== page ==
Still, the party could be short lived in a market like Ontario. Yes, the province is relying on natural gas-fired power generation as part of its coal phase-out strategy, but once all the coal plants are shut down in 2014, then what? At that point, natural gas becomes the dirtiest fuel in the power generation hierarchy and will have a big target on its back.

It’s also important to understand that electricity only represents 18 per cent of the energy consumed in Ontario. Natural gas, excluding that used for power generation, represents a whopping 35 per cent.

“Gas is the primary heating fuel in Ontario,” wrote Gord Miller, Ontario’s environmental commissioner, in his recent annual report on energy conservation. “The potential savings on consumers’ bills and emissions reductions from reduced consumption is large – possibly more than savings from electricity.”

The Ontario government has had some incentives to encourage the use of solar thermal and geothermal technologies, and both Enbridge and Union Gas have had “demand-side management” programs aimed at reducing natural gas consumption. But no targets have been set. It has all been uncoordinated and, for the most part, overshadowed by the government’s obsession with the electricity sector.

But if Ontario is to meet its greenhouse-gas emission targets, it will soon have to place a greater effort on reducing natural gas consumption, either through conservation, energy efficiency initiatives, or displacement through renewables such as geothermal, solar thermal and biogas.

Enbridge knows this is coming. It’s seeing it in the market today. The challenge now is figuring out how much will come, how quickly, as well as what role the utility will play.

Could geothermal be in the cards? “That’s one of the areas we’re examining,” said Pleckaitis.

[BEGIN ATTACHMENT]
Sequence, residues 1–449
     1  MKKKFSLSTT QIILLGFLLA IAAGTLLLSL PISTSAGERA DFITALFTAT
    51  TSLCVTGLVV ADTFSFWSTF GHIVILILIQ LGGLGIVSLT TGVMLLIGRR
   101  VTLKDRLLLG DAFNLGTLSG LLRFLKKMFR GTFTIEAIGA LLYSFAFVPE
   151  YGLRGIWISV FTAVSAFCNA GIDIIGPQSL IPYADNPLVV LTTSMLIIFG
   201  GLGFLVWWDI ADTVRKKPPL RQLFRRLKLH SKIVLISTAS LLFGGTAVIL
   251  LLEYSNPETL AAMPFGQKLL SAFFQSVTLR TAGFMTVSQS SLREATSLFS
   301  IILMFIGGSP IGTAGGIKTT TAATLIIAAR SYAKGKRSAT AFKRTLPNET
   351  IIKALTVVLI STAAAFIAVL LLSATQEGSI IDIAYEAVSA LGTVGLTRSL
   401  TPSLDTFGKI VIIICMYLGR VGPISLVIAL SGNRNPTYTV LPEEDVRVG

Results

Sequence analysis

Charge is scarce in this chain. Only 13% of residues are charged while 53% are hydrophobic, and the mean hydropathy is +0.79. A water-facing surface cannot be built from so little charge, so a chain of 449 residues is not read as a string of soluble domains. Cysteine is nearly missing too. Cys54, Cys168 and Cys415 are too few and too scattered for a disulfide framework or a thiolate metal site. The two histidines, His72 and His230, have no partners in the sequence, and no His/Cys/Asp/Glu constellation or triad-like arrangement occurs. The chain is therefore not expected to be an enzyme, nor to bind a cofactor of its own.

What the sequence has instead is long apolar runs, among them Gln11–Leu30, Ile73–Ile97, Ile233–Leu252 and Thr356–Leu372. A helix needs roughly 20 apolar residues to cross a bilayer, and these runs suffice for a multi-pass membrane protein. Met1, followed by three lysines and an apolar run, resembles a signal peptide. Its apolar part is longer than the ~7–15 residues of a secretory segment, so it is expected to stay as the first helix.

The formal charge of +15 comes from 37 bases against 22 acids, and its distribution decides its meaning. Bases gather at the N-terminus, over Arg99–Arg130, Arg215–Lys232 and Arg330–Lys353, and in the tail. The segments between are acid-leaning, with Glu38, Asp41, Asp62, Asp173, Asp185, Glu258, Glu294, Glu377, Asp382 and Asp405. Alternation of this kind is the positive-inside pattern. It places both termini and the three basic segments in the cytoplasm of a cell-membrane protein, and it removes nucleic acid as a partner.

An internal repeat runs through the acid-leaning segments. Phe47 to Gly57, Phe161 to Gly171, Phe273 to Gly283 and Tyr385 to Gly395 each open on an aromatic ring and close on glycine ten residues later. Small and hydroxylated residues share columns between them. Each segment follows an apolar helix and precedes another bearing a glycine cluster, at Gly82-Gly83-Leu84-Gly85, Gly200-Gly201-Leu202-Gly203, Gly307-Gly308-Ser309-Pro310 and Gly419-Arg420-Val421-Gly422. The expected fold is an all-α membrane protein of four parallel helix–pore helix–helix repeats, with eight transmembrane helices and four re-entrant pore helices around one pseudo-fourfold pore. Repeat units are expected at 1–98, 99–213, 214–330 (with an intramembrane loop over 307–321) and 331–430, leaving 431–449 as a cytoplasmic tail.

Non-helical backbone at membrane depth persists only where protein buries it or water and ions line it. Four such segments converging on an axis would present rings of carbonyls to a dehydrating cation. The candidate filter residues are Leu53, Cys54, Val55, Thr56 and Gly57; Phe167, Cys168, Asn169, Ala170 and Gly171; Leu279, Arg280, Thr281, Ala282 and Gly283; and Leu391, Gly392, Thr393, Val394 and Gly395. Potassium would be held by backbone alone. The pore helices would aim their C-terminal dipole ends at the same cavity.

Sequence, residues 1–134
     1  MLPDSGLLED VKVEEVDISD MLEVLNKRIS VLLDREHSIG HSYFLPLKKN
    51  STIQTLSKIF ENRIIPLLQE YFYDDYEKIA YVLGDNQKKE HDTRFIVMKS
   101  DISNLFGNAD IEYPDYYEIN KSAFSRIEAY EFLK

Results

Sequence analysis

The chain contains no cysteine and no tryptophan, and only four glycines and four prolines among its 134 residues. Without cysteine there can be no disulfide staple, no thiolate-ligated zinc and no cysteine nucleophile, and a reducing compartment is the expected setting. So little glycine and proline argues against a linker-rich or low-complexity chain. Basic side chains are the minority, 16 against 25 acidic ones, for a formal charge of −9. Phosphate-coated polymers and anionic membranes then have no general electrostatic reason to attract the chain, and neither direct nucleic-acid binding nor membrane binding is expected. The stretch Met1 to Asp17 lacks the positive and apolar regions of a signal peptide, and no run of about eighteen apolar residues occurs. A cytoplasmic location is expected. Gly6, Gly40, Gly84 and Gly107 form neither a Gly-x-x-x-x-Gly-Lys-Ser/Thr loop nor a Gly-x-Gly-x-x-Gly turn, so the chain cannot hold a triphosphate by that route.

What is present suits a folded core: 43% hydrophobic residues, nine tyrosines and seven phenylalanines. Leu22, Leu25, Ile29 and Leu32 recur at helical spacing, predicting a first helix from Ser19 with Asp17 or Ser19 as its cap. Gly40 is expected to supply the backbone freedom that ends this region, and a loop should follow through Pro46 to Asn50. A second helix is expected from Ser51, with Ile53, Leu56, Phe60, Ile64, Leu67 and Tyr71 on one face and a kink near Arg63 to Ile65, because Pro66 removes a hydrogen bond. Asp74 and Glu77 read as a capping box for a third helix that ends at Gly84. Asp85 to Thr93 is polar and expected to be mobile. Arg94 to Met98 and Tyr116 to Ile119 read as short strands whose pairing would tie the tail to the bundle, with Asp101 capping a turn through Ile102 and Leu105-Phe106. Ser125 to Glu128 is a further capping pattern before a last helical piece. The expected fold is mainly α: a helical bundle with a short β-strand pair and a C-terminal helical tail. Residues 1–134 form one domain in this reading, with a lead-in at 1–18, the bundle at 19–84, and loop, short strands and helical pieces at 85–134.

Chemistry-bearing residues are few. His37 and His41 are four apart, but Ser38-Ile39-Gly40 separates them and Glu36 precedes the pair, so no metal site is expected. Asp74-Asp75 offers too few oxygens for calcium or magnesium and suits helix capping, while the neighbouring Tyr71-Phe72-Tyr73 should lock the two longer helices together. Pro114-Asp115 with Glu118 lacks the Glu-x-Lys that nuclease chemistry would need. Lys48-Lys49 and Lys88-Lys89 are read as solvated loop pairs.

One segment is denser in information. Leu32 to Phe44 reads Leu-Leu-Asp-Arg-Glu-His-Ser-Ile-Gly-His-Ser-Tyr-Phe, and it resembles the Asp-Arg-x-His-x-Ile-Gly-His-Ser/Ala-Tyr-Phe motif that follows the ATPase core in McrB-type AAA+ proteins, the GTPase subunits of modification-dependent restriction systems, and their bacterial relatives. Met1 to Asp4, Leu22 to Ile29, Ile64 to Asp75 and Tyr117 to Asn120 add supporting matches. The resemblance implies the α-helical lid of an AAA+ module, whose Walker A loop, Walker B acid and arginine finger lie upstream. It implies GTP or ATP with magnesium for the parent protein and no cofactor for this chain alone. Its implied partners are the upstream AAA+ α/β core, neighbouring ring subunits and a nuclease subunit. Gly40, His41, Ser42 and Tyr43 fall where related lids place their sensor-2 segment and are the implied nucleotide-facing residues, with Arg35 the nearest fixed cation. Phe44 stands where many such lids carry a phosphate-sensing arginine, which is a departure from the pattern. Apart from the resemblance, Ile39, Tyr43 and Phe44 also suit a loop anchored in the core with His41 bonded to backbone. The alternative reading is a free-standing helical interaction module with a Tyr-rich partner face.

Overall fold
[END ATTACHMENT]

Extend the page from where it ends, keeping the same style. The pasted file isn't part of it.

He pointed out that a utility like Enbridge does have access to low-cost “patient” capital and could build and own large geothermal systems knowing that a return on investment might take several years. Its parent company, Enbridge Inc., takes a similar approach with its pipeline infrastructure investments.

Enbridge is already dabbling with solar thermal hot water systems for homes, though premature cancellation of the federal government’s EcoEnergy Retrofit program, which offered hefty incentives to homeowners, has cast doubt over those efforts.

Biogas opportunities are also on Enbridge’s radar, though how it would participate in the market remains unclear.

One potential business model could be designed around district energy systems. The idea here is that Enbridge, rather than extending its natural gas pipes into every home, would instead build and own a district energy system that would supply heating and/or cooling directly to homes from a central hub in the community.

A district energy system based on geothermal could be one approach. Another is to build a combined heat and power facility that runs on natural gas, or even better, biogas.

“We’re talking to municipalities and asking, should the utility play a role in the development of district energy systems in your community?” said Pleckaitis, adding that he expects greater cooperation with electric utilities on these projects. “There’s going to be a need for joint planning.”

There’s also going to be a need for flexibility from the Ontario Energy Board as it determines what gas utilities can and can’t do in this rapidly changing marketplace.

At the same time, Enbridge must be prepared to take some risks. Experimenting with new business models is good, but natural gas customers shouldn’t have to cover the cost of those experiments.

Tyler Hamilton writes weekly about green energy and clean technologies. Contact him at tyler@cleanbreak.ca